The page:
Since we are trying to mimic a real backend, we can also pass in the coupling_map that the backend topology has and the basis_gates that the backend supports to have a more realistic noisy simulation.

from qiskit.providers.fake_provider import FakeManila
from qiskit_aer.noise import NoiseModel

# Make a noise model
fake_backend = FakeManila()
noise_model = NoiseModel.from_backend(fake_backend)

# Set options to include the noise model
options = Options()
options.simulator = {
"noise_model": noise_model,
"basis_gates": fake_backend.configuration().basis_gates,
"coupling_map": fake_backend.configuration().coupling_map,
"seed_simulator": 42
}

# Set number of shots, optimization_level and resilience_level
options.execution.shots = 1000
options.optimization_level = 0
options.resilience_level = 0


set_backend() is the syntactic sugar for setting options. The following code is equivalent.

from qiskit.providers.fake_provider import FakeManila

# Make a noise model
fake_backend = FakeManila()

# Set options to include the noise model
options = Options()
options.simulator.set_backend(fake_backend)
options.simulator.seed_simulator = 42

# Set number of shots, optimization_level and resilience_level
options.execution.shots = 1000
options.optimization_level = 0
options.resilience_level = 0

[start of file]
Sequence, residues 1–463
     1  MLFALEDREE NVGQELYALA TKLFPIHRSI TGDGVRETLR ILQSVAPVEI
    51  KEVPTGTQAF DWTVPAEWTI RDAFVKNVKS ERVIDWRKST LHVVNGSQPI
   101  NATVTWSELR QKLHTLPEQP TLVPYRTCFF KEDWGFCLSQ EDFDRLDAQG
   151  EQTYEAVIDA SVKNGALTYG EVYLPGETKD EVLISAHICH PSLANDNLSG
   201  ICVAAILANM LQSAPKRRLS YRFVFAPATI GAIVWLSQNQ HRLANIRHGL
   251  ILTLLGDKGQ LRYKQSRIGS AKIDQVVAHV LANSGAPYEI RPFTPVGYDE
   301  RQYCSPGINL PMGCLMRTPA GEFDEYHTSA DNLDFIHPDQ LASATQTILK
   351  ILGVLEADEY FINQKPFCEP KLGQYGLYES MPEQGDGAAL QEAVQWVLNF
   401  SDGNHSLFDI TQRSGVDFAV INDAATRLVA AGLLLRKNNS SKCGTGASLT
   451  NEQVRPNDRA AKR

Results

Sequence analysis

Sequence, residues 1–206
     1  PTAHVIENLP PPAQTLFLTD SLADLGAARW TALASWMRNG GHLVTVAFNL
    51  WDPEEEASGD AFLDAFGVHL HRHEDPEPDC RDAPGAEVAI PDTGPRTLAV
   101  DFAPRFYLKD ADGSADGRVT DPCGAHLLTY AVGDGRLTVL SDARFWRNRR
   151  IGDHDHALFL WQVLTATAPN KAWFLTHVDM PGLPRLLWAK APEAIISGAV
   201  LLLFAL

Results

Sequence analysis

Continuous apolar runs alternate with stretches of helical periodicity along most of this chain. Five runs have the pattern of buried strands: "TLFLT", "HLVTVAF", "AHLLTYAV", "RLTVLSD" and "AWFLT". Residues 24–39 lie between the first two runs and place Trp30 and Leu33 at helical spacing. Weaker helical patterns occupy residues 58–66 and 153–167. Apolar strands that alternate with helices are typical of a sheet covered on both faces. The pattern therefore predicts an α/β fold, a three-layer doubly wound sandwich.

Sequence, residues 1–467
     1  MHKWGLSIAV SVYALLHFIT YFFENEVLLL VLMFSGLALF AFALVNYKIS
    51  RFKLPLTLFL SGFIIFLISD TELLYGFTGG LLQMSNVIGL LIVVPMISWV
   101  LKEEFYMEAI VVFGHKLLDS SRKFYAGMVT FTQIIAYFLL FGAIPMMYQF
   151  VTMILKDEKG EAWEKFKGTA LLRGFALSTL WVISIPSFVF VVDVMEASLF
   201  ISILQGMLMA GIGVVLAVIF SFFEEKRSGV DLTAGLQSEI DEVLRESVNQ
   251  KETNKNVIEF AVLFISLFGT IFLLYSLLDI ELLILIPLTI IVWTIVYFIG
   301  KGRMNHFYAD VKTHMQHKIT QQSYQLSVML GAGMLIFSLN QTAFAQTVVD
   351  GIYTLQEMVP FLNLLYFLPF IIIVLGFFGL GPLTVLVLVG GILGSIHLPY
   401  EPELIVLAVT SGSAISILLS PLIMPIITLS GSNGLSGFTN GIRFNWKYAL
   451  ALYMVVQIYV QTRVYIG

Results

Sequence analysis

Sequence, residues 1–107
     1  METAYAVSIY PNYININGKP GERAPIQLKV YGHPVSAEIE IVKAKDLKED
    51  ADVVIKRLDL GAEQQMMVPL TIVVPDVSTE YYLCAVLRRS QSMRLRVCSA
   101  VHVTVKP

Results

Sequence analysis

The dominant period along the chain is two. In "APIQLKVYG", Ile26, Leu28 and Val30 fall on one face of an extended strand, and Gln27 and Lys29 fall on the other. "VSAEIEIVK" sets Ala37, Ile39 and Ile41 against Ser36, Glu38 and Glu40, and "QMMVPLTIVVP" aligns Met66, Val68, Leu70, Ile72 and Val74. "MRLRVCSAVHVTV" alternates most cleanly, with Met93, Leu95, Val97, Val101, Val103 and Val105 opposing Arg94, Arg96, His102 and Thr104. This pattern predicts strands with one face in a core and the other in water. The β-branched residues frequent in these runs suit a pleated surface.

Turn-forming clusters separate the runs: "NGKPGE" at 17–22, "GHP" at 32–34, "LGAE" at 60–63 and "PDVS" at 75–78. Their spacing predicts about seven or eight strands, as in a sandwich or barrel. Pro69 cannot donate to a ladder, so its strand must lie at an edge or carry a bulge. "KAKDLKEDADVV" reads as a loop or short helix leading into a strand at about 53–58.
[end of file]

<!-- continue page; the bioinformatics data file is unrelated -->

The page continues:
The ibmq_qasm_simulator allows for the activation of the resilience_levels offered by the Qiskit Runtime Service, and use of these levels on simulators is best demonstrated using the noisy simulation as we have described previously.

To see the comparison, we shall define two set of Options. The ibmq_qasm_simulator allows for the activation of the resilience levels offered by Qiskit Runtime, and the use of these levels on simulators is best demonstrated using the noisy simulation that we have built. Here, options is set toresilience level = 0 to represent a normal run without error mitigation, and options with em is set to resilience level = 1 to represent a run with error mitigation enabled.

# Set options to include the noise model with error mitigation
options_with_em = Options()
options_with_em.simulator = {
"noise_model": noise_model,
"basis_gates": fake_backend.configuration().basis_gates,
"coupling_map": fake_backend.configuration().coupling_map,
"seed_simulator": 42
}

# Set number of shots, optimization_level and resilience_level
options_with_em.execution.shots = 1000
options_with_em.optimization_level = 0 # no optimization
options_with_em.resilience_level = 1 # M3 for Sampler and T-REx for Estimator


When you set the resilience_level to 1, M3 is activated in Sampler. All available resilience level configurations can be found here.

with Session(service=service, backend=backend):
# include the noise model without M3